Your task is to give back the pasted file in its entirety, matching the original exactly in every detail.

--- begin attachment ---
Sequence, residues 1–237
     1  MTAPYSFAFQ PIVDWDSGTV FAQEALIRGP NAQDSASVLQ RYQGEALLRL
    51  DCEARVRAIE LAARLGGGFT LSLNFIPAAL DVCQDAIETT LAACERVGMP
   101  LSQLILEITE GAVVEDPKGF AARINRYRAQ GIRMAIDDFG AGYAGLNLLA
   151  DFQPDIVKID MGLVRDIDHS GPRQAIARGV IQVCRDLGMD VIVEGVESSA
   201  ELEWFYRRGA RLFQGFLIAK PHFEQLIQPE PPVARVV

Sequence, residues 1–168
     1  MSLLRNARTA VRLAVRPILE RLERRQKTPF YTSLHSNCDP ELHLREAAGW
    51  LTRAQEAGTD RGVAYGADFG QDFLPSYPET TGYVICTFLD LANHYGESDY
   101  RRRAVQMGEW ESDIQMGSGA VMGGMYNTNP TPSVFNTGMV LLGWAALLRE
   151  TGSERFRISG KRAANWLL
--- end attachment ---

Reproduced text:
Sequence, residues 1–237
     1  MTAPYSFAFQ PIVDWDSGTV FAQEALIRGP NAQDSASVLQ RYQGEALLRL
    51  DCEARVRAIE LAARLGGGFT LSLNFIPAAL DVCQDAIETT LAACERVGMP
   101  LSQLILEITE GAVVEDPKGF AARINRYRAQ GIRMAIDDFG AGYAGLNLLA
   151  DFQPDIVKID MGLVRDIDHS GPRQAIARGV IQVCRDLGMD VIVEGVESSA
   201  ELEWFYRRGA RLFQGFLIAK PHFEQLIQPE PPVARVV

Sequence, residues 1–168
     1  MSLLRNARTA VRLAVRPILE RLERRQKTPF YTSLHSNCDP ELHLREAAGW
    51  LTRAQEAGTD RGVAYGADFG QDFLPSYPET TGYVICTFLD LANHYGESDY
   101  RRRAVQMGEW ESDIQMGSGA VMGGMYNTNP TPSVFNTGMV LLGWAALLRE
   151  TGSERFRISG KRAANWLL